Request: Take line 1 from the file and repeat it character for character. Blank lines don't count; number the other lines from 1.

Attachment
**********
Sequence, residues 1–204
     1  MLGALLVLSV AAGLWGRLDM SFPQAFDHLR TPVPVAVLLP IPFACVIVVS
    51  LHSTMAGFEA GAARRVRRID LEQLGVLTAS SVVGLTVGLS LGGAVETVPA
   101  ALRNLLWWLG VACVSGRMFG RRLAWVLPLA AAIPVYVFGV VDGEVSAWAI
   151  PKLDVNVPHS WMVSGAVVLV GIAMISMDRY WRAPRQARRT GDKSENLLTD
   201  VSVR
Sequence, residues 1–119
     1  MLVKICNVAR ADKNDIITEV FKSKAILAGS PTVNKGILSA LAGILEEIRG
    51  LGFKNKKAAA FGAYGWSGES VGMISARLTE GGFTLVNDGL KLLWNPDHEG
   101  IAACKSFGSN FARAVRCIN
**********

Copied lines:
Sequence, residues 1–204